We have all heard to varying degrees the world population is rapidly changing in size, cultural diversity and access. Mainly as the globalization process increases its reach through technological advancements, expanding business portfolios and access to education. The migration of people across the world is increasingly possible even to some of the most remote parts. Many people who are of these migrant patterns tend to adapt another cultural identity – learning norms, cultures, languages, religions, etc. of the host country – creating a society of transnational identities. Meaning they feel as if they belong to two or more societies.
Business professionals most certainly can experience this transnational identity from working in foreign nations for more than 2-3 plus years at a time. Often when speaking to business professionals who seek international assignments becoming a modern day globetrotter, they adopt many of the new culture’s traditions and norms into the home base when they return. Increasing these world cultures’ exposure to their domestic family and friends.
Understanding the various aspects of globalization and cultural diversity can be dizzying to managers and leaders. If you think about how technology has made it possible to communicate half way around the world by simply logging on to a Wi-Fi access point, we have achieved breaking through the first barrier by connecting. The second barrier may be a bit trickier – understanding the cultural norms of communicating. How do we know that we are engaging and interacting in culturally appropriate ways as we conduct our business?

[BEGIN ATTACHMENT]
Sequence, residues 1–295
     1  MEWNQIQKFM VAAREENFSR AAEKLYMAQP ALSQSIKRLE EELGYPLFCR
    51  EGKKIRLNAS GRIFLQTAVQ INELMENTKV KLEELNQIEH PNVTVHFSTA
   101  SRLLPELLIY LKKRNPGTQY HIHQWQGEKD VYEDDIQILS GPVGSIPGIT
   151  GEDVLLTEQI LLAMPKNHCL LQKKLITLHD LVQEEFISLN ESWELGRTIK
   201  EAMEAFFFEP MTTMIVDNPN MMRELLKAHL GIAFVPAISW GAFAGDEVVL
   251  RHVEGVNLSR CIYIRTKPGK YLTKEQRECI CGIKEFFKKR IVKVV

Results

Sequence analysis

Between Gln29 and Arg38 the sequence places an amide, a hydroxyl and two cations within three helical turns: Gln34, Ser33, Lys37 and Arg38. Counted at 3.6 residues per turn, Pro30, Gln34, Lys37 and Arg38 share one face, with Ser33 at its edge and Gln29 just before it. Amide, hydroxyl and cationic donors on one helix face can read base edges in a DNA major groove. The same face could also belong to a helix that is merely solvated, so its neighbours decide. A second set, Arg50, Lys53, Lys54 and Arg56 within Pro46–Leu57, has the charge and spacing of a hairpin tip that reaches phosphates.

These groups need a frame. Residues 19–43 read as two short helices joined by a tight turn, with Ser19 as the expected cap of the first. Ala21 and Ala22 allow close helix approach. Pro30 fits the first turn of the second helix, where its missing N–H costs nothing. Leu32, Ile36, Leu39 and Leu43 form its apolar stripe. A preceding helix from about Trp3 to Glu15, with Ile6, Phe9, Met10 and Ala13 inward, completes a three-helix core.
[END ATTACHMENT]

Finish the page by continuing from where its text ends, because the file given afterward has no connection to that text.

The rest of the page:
Now let’s suppose you are either already or coming upon your first assignment managing daily a team of global, international professionals. Not only is communicating an issue and challenge, but so is setting policies, how to conduct performance reviews, making room for religious beliefs, engaging and working as productive teams, understanding and communicating goals and strategic direction, determining what language business will be conducted in, just to name a few areas of management concerns. So, how does one become an effective global manager or global leader?
Well, unfortunately, there is no one manual nor is there one right way of becoming a global manager or leader. However, there are some fundamental and foundational elements that should be considered when becoming or embarking on a global leadership or managerial assignment.
We will be posting a series of articles in this blog section that will identify and break down some of these fundamental and foundational elements. We welcome you to also join the conversation and provide your own insights and experiences. And well, hopefully, help one another become better global leaders and managers in this rapidly changing global landscape that business professionals find themselves participating in daily – after all learning is an ongoing process that requires engagement.
tagged: Business Professionals, Diversity, Global, Inclusion, Leadership, Management, Organizational Development